Protecting the First Amendment often conflicts with protecting other values, like the right to a fair trial, fair elections and national security. In chapter 11 of Freedom for the Thought We Hate, author Anthony Lewis discusses the struggle that comes with balancing the First Amendment with other interests.
Protecting the right to a fair trial has often come in conflict with the First Amendment. Newspapers and broadcasters often paint defendants in a certain light, which can lead to a biased jury and unfair trial. In the 1961 case Irvin v. Dowd, the Supreme Court held that the Constitution required reversal of a murder conviction when pretrial news coverage made a fair trial unlikely. In this case, the press named the defendant the “mad dog killer.” When questioned before the trial, the jury said they thought the defendant was guilty based on what they had read, before being presented any evidence in court.
The Court has proposed different strategies to avoid violating the right to a fair trial based on publicity. This is difficult to achieve without infringing on the First Amendment rights. Trial judges could bar statements to the press by those involved in the case. They could delay a trail, move its location or close the courtroom from the public and press. They could also sequester the jury, protecting them from bias. In 1976 the Court ruled out injunctions against press coverage “unless there was a ‘clear and present danger’ of preventing a fair trial.” (Lewis, P. 173-174) The Court failed to find a clear way of avoiding this conflict of interests.
We also see the First Amendment rights conflict with the financing of political campaigns. According to OpenSecrets.org, the 2016 presidential and congressional elections combined cost nearly $6.5 billion. They also found that fewer donors provided a larger share of the money, compared to the 2012 election cycle.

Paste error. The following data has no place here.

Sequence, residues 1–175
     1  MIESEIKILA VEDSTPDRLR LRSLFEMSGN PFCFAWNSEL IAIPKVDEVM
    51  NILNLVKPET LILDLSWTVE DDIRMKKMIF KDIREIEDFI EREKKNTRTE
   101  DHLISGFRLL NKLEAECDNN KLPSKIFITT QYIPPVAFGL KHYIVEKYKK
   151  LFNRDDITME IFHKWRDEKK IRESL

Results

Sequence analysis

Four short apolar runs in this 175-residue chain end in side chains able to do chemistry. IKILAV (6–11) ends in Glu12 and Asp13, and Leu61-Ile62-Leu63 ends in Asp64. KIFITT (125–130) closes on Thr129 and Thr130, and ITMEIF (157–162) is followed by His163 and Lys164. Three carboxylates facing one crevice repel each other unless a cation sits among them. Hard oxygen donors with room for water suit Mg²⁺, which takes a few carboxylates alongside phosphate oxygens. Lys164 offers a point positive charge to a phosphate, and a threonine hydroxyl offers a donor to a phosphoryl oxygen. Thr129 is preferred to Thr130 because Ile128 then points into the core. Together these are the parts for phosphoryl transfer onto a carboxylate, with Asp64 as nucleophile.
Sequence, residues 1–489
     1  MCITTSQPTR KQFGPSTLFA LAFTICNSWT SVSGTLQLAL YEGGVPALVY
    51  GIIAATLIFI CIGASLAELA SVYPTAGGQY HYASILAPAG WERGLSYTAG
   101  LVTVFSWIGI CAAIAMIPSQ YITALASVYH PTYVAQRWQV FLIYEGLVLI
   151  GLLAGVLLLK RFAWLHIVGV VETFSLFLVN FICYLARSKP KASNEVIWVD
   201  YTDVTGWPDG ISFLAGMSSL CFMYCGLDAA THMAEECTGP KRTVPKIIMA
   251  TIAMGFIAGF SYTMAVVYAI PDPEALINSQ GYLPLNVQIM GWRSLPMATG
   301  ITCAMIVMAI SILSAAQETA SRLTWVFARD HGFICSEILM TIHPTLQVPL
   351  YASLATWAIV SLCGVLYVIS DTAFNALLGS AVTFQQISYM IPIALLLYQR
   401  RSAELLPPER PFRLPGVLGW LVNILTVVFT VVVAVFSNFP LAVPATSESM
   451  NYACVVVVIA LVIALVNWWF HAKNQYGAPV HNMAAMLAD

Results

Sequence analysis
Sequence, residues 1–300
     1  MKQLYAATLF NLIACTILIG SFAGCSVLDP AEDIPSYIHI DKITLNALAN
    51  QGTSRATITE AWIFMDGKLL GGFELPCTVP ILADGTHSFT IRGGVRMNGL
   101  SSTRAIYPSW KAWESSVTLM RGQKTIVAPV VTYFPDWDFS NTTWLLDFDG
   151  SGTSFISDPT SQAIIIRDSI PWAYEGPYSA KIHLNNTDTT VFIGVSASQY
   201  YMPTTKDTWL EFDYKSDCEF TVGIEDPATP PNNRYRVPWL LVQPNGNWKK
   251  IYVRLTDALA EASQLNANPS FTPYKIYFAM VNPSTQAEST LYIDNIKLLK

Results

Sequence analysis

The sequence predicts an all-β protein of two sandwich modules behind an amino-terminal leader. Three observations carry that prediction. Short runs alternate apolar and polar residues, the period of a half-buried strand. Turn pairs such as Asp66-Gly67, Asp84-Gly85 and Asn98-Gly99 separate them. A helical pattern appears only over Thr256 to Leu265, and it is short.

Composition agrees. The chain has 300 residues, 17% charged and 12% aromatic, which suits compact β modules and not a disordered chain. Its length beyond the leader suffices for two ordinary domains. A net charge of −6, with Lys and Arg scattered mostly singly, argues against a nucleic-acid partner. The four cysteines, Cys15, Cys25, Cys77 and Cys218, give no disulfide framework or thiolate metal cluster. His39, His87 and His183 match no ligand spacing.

In 2002 Congress banned unlimited contributions to political parties. Critics on both sides of aisle argued that this law violating the First Amendment. In 2007 the Supreme Court leaned away from reform on campaign financing, holding that “restrictions on political spending by independent entities in the period just before the elections violated the First Amendment.”
This conflict also applies to the election of judges. Financing of judge elections became a political issue as political parties realized judicial decisions impacted key social issues. In response, many states prohibited judges from sharing their personal views on controversial issues before the election. In 2002 the Supreme Court held that this violated the First Amendment.
“If judges announce their views in election campaigns, in effect telling voters that they will decide this way or that, they appear to be just another species of politician. The commitment of judges should be to the law…and not to the current popular opinion.” (Lewis, P. 180)
While there are sacrifices that come with protecting the First Amendment, it is important to consider the impact these sacrifices have on other values in our democracy. To avoid corruption of political offices and the influence of private interests in policy, restrictions must be placed on campaign donations from individuals and corporations. To guarantee a fail trial, there would have to be a restriction on the coverage of criminal cases or the exposure of a jury to news coverage.